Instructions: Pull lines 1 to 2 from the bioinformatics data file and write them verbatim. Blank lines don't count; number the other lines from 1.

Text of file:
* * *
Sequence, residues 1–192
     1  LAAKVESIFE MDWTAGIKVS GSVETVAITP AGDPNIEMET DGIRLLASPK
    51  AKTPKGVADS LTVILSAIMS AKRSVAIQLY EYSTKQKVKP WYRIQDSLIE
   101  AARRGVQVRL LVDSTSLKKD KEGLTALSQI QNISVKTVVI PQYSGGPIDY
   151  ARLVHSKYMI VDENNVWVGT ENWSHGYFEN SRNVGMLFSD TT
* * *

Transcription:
Sequence, residues 1–192
     1  LAAKVESIFE MDWTAGIKVS GSVETVAITP AGDPNIEMET DGIRLLASPK